Science  06 Jan 2006:
Vol. 311, Issue 5757, pp. 19

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  1. RESOURCES: Sniffling Sheep and Coughing Cows

    Avian flu has captured the headlines, but it's just one of the animal diseases on the loose. Honeybees can fall victim to mite infestations, for instance, and the viral disease yellowhead decimates farmed shrimp. To corral more information about these and other illnesses, visit the site of the Paris-based World Organization for Animal Health. Weekly announcements furnish the latest on outbreaks. Technical Disease Cards describe the cause, spread, diagnosis, and prevention of 16 major veterinary maladies, such as African horse sickness and vesicular stomatitis, a viral scourge of hoofed mammals. You'll find a list of international experts on particular illnesses and plenty of other resources, including conference reports and disease-prevention guidelines.

  2. WIKIS: Lab Partnering

    If you've whipped up an irresistible medium for rearing slime molds or collected some tips on performing flow cytometry, share your insights with other biologists at OpenWetWare. This wiki, or user-written collaboration, lets researchers craft virtual meeting places for their own labs or add to communal pages on methods and equipment. Started last year by scientists at the Massachusetts Institute of Technology, OpenWetWare now houses pages from more than 20 labs at 10 universities. Contributions include safety advice for working with ethidium bromide, a reagent for electrophoresis, and a simple protocol for mutating specific nucleotides in a gene. The pages often allow readers to choose among several labs' versions of the same technique.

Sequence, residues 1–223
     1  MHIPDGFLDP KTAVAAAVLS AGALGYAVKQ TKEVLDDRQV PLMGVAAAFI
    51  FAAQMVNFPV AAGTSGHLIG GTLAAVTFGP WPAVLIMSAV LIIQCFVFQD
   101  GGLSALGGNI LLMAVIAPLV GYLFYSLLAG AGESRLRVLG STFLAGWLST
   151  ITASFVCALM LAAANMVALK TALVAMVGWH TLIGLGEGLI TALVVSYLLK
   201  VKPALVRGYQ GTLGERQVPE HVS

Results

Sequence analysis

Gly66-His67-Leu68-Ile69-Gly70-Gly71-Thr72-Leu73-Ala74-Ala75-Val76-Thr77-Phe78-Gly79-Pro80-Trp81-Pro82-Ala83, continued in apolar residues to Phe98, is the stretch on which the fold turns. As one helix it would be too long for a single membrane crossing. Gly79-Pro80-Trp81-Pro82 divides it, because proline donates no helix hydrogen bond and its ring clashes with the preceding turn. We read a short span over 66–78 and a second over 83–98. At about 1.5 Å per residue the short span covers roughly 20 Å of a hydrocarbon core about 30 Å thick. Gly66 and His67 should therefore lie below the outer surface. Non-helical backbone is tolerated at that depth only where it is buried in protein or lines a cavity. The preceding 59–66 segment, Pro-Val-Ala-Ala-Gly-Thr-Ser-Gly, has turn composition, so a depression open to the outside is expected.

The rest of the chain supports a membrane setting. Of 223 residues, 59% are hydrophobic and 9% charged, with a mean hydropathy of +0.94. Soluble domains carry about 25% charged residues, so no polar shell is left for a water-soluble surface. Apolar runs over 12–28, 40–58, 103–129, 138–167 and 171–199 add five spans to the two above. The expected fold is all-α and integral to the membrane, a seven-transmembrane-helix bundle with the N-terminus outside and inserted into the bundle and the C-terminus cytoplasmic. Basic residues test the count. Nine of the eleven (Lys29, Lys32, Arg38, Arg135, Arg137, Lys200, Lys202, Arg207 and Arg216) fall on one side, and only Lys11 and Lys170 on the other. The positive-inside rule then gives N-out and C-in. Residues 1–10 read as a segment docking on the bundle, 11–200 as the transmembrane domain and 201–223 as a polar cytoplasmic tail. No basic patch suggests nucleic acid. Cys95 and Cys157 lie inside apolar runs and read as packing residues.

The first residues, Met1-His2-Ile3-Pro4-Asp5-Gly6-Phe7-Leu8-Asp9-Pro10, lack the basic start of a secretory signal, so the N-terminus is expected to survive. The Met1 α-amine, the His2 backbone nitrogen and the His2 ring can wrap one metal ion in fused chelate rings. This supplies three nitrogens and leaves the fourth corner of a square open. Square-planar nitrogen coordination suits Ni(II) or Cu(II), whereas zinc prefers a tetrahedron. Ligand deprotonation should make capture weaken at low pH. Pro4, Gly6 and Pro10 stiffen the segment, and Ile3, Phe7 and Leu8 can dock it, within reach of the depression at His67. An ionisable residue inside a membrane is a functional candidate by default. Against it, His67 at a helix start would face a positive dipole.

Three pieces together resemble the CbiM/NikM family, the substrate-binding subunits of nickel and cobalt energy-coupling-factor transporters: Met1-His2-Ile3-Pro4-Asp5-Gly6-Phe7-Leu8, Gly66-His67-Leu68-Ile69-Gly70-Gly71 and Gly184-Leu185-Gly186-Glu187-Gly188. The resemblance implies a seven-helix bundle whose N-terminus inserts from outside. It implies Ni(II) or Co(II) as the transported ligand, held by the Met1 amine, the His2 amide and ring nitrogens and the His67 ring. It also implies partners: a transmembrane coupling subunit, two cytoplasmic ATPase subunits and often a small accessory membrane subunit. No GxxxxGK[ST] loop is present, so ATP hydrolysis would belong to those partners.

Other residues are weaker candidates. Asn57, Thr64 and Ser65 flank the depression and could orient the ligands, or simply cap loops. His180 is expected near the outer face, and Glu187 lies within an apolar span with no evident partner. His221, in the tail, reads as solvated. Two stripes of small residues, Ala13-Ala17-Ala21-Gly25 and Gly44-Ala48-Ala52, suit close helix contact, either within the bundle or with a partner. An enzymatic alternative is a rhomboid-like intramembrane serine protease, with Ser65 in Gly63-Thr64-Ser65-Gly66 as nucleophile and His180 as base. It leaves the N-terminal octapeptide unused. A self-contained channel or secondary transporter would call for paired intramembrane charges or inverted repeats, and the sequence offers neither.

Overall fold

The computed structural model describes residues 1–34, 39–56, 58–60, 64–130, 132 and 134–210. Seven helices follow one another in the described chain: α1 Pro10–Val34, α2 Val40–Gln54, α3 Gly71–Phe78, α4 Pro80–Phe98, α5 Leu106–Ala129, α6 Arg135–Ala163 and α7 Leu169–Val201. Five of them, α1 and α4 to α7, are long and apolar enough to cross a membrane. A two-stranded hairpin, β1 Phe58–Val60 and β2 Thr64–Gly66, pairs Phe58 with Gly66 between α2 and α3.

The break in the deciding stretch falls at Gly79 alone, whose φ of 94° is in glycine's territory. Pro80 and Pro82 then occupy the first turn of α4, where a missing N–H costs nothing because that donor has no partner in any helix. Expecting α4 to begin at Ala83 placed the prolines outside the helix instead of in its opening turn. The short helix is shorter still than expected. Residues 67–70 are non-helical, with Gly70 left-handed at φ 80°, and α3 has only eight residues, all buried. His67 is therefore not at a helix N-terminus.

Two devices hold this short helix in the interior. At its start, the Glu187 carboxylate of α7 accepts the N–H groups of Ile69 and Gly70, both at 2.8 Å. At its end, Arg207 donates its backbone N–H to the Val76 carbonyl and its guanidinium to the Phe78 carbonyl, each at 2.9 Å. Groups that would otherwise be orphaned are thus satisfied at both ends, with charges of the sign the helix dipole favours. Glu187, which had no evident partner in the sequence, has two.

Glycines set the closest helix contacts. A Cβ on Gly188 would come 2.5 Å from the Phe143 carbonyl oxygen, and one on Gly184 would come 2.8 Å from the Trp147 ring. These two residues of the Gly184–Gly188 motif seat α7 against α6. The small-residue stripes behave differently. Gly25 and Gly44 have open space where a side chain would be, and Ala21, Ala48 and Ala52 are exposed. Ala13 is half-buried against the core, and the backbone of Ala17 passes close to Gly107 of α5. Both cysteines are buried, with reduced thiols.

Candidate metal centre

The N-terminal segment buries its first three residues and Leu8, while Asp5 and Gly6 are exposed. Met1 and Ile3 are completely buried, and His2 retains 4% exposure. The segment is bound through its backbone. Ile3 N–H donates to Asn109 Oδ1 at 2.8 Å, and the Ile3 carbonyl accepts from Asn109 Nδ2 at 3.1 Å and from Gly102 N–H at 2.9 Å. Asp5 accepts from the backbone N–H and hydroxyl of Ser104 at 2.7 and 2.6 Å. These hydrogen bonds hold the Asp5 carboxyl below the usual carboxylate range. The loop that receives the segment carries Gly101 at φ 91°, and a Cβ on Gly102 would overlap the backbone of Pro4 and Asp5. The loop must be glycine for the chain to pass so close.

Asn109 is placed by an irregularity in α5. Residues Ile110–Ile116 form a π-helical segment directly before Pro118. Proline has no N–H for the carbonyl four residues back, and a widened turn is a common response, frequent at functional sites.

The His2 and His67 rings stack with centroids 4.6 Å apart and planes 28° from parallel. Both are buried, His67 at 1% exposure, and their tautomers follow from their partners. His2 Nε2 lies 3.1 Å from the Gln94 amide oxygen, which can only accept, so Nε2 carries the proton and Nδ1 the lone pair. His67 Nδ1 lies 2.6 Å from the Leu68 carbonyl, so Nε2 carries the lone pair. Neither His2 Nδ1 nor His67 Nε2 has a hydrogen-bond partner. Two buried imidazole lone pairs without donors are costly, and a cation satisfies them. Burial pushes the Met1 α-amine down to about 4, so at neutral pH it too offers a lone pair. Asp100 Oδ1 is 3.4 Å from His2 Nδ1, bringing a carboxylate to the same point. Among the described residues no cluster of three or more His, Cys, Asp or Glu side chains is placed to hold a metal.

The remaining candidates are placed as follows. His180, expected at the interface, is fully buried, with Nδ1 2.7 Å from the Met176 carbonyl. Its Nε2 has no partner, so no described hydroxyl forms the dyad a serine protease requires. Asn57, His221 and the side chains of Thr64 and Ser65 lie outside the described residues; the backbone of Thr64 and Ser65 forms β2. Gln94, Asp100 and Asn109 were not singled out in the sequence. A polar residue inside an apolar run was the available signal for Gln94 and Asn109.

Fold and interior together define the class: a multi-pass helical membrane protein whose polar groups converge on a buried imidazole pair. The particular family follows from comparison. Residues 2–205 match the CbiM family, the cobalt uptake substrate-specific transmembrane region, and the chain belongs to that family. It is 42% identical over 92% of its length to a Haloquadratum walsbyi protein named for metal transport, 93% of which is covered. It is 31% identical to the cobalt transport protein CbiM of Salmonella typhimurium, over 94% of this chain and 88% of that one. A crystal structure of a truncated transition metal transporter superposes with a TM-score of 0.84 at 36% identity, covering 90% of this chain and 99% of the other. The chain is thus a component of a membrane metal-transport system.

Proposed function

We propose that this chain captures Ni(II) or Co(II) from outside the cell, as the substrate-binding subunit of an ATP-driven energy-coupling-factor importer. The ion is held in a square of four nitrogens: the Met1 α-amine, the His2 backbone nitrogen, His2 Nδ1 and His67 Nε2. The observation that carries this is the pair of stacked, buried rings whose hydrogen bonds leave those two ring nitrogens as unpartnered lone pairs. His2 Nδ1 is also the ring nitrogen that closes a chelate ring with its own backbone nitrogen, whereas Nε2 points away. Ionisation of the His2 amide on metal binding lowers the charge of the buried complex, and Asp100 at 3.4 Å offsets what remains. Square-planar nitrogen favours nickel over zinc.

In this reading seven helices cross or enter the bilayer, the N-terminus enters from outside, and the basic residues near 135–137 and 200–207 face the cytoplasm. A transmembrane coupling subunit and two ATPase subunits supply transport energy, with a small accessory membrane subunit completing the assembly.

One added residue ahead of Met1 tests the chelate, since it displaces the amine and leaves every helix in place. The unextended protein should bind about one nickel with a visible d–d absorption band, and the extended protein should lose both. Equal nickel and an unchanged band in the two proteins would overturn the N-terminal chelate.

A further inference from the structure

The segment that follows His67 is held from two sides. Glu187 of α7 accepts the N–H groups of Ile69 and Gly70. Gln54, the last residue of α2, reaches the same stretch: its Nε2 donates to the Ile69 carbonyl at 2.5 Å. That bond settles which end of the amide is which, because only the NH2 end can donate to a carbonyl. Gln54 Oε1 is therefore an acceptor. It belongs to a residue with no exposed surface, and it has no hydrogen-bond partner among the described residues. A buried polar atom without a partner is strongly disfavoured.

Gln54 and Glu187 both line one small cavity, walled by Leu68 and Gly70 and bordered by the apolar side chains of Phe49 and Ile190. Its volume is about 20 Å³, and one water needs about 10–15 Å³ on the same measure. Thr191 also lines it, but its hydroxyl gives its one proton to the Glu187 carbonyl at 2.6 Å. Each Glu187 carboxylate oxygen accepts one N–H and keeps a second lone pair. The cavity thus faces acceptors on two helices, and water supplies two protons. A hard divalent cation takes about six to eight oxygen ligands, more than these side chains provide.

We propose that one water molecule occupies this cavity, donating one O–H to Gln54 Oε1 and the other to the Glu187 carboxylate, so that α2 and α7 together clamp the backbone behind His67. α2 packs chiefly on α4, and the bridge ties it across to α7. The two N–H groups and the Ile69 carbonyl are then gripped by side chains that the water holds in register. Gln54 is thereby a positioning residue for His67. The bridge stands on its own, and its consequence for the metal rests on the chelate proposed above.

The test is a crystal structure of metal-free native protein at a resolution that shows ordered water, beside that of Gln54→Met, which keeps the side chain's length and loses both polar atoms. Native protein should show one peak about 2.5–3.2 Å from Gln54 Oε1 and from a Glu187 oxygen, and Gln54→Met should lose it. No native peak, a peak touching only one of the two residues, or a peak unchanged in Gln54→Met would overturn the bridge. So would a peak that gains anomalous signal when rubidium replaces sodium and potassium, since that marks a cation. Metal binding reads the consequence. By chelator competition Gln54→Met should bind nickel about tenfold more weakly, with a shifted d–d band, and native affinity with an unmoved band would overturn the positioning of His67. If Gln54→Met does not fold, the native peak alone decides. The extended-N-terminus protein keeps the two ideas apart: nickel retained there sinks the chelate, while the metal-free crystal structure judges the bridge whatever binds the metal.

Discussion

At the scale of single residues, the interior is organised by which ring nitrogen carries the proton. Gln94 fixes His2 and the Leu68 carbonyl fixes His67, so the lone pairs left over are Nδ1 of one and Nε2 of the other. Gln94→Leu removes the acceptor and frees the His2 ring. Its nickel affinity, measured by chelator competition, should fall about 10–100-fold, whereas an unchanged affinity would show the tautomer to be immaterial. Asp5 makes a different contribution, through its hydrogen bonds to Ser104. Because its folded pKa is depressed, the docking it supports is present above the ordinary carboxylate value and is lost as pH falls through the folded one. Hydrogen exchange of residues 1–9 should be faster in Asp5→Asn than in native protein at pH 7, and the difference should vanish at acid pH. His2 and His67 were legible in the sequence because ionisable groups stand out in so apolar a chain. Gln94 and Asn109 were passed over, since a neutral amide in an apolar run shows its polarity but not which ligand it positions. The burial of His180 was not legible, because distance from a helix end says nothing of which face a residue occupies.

3. EDUCATION: Lighting up Life

    Long before Las Vegas imported its first neon tube, bioluminescent organisms such as the nudibranch (Phylliroe) were putting on the glitz. Find out which marine organisms generate light and how they do it at the Bioluminescence Web Page, hosted by marine biologist Steven Haddock of the Monterey Bay Aquarium Research Institute in Moss Landing, California, and colleagues. Ocean-goers from bacteria to fishes have mastered the light-emitting reaction, in which the enzyme luciferase oxidizes the molecule luciferin. Pages illuminate how some organisms exploit this skill, such as the deep-water fishes that scan their surroundings with red light, which their prey can't see. The site's gallery teems with photos of glowing creatures. For researchers, there's a forum for listing recent publications and announcements of upcoming conferences. Haddock plans to add a link to real-time measurements of bioluminescencing organisms off the California coast.∼biolum/

  4. SOFTWARE: On Shaky Ground

    Four earthquakes of at least magnitude six have rumbled through the San Francisco Bay area since 1979. A new model from the U. S. Geological Survey might help seismologists sharpen their predictions of the next temblor's damage. Unlike standard, two-dimensional shaking maps, the simulation renders the upper 32 kilometers of Earth's crust, incorporating measurements of the seismic properties of the area's rocks. Because it's three-dimensional, the model includes features such as faults and underground basins that can divert or concentrate a quake's force. Researchers can use the tool to estimate future ground trembling and gauge the power of past, unmeasured events. Download the model here:

  5. TOOLS: Hooking Up With Antibodies

    ExactAntigen can help molecular biologists, immunologists, and other researchers track down everything from samples of the cholera toxin to monoclonal antibodies against the appetite-adjusting hormone leptin. Created by Hanqing Xie of Synatom Research in Ringoes, New Jersey, the free site trolls thousands of Web sites—mainly from commercial suppliers—and other sources to locate providers of antibodies and reagents. Users can search by categories such as gene, organism, and disease. The results often list other molecular products, such as gene-blocking siRNA molecules, along with publications and relevant patents.